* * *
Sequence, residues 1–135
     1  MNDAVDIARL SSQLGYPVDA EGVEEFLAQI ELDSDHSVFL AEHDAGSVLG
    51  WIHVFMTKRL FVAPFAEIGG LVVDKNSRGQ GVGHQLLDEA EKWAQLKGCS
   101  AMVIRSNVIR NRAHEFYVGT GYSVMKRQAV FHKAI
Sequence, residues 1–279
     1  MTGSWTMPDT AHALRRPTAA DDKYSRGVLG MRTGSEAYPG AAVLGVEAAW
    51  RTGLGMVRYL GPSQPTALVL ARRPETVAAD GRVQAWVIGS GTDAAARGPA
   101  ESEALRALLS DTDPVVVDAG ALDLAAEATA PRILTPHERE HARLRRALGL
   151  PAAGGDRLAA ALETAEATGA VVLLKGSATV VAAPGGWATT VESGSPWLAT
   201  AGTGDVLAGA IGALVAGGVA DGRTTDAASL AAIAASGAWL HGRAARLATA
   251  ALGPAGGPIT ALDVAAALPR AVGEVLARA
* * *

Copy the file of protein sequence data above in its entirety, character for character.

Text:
Sequence, residues 1–135
     1  MNDAVDIARL SSQLGYPVDA EGVEEFLAQI ELDSDHSVFL AEHDAGSVLG
    51  WIHVFMTKRL FVAPFAEIGG LVVDKNSRGQ GVGHQLLDEA EKWAQLKGCS
   101  AMVIRSNVIR NRAHEFYVGT GYSVMKRQAV FHKAI
Sequence, residues 1–279
     1  MTGSWTMPDT AHALRRPTAA DDKYSRGVLG MRTGSEAYPG AAVLGVEAAW
    51  RTGLGMVRYL GPSQPTALVL ARRPETVAAD GRVQAWVIGS GTDAAARGPA
   101  ESEALRALLS DTDPVVVDAG ALDLAAEATA PRILTPHERE HARLRRALGL
   151  PAAGGDRLAA ALETAEATGA VVLLKGSATV VAAPGGWATT VESGSPWLAT
   201  AGTGDVLAGA IGALVAGGVA DGRTTDAASL AAIAASGAWL HGRAARLATA
   251  ALGPAGGPIT ALDVAAALPR AVGEVLARA